Last September 30, a team of homeowners’ association (HOA) officers and community mobilizers under the Social Housing Finance Corporation (SHFC) Community Mortgage Programme(CMP) in Cagayan de Oro (CdeO) flew to Roxas City for a learning event conducted by UN-Habitat. The two-day activity was aimed at priming the HOAs in their adoption of a community-driven post-disaster shelter recovery.
Thirteen HOA officers and three community mobilizers from various CdeO-based NGOs were taught on the “People’s Process”, which is the driving principle behind the recently launched Post-Yolanda Support for Safer Homes and Settlements Project being implemented in in the provinces of Capiz and Iloilo, particularly in the municipalities of Estancia, Panay, and Pontevedra and in Roxas City.
Having been successfully implemented in several countries, notably in Indonesia, the Maldives, and Sri Lanka after the 2004 Indian Ocean tsunami, the People’s Process is strongly advocated by UN-Habitat Philippines in the project funded by the Government of Japan to sustain post-disaster recovery in the local context.
Accustomed to conventional contracting, the Kagayanons were introduced to the Community Contracting scheme employed in the project, where HOAs lead and manage the shelter rebuilding operations, from procurement of materials to overseeing the timely completion of houses. Further in the symposium, the delegates were oriented on the construction and financial management systems of the project.
‘Long, winding road’
The following day, the participants toured the typhoon-resilient pilot house launched last August 7 at Villa Carmel Phase II HOAI in Brgy. Baybay, Roxas City, and Pawa HOAI in Brgy.Pawa, Panay—UN-Habitat’s biggest partner community yet, with 70 households eligible for shelter reconstruction.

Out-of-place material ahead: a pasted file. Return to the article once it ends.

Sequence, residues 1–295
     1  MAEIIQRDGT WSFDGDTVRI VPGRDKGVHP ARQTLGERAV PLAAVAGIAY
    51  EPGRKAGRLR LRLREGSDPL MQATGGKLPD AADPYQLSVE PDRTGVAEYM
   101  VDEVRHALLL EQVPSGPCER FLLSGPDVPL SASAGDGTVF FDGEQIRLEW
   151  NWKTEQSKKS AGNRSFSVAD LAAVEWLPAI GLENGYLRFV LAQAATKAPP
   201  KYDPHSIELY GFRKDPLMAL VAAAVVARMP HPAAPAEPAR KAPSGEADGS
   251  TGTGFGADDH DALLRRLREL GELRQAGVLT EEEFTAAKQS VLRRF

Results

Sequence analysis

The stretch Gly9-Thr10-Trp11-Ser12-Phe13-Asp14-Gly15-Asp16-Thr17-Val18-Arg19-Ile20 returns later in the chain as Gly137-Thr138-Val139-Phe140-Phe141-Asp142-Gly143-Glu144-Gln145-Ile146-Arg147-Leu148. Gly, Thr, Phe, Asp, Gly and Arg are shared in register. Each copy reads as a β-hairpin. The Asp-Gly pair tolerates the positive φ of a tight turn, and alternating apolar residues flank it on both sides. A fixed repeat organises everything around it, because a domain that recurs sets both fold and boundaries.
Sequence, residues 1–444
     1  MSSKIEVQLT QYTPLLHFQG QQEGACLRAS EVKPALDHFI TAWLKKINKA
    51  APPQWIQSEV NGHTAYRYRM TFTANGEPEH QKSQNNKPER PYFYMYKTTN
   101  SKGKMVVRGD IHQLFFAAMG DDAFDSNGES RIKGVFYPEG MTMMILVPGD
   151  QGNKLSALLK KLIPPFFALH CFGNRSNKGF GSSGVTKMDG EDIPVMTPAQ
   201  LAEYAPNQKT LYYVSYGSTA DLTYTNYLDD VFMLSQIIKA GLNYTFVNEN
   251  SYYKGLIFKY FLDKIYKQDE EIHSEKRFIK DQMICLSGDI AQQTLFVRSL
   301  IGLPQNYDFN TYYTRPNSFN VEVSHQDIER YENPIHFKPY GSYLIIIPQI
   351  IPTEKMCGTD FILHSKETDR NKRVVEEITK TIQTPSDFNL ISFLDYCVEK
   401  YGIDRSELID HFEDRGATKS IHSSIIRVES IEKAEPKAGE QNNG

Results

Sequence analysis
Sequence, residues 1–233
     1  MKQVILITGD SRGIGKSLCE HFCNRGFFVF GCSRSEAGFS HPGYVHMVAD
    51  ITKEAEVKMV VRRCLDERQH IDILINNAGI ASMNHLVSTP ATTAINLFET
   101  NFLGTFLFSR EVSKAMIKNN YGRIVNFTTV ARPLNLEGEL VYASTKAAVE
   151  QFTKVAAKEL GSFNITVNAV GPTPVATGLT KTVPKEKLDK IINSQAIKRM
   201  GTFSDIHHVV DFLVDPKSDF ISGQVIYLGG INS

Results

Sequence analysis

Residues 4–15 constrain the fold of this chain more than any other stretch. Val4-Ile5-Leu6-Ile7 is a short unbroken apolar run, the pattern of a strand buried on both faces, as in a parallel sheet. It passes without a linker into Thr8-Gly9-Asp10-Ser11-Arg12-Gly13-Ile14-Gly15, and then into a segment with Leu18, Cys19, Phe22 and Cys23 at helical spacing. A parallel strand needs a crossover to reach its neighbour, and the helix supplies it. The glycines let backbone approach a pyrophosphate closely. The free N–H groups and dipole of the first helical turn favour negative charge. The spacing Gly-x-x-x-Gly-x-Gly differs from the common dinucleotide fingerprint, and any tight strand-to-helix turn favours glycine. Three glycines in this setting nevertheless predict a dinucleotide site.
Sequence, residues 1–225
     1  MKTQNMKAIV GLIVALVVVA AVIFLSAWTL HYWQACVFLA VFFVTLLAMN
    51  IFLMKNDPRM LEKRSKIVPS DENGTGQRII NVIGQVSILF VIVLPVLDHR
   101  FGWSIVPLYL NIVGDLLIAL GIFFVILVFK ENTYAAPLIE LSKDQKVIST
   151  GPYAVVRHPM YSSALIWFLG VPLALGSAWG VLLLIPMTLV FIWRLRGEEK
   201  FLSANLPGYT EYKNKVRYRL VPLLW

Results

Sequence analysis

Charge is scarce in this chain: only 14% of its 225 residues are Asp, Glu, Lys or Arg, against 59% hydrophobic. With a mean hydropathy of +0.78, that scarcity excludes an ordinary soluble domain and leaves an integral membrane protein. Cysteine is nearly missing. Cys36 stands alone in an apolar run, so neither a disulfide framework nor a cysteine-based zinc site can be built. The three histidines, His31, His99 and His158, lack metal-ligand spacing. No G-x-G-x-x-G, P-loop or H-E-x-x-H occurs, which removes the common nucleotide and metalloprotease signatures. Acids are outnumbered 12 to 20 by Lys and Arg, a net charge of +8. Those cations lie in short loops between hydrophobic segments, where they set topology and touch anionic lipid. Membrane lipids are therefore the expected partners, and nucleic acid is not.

The peak of the event, however, was the open forum which enabled delegates to air their frustrations with the encumbering ‘bureaucracies’ in offsite shelter recovery. Nearly three years have passed since Tropical Storm Washi (Sendong in the Philippines) but still, many of the internally-displaced are still treading the ‘long, winding road’ to a safer and better home. Some reported that this has inadvertently led to a major burnout among members and leaders, according to some.
Capiz HOAI officers present during the event also shared the challenges they’ve experienced in community-led rebuilding such as indifference among officers and members, arrears, and site issues, and the corresponding steps they took to overcome them.
As a fitting conclusion to the event, the participants did a SWOT analysis to help in the realization of their shared dream: to live in a safe, sustainable and resilient community.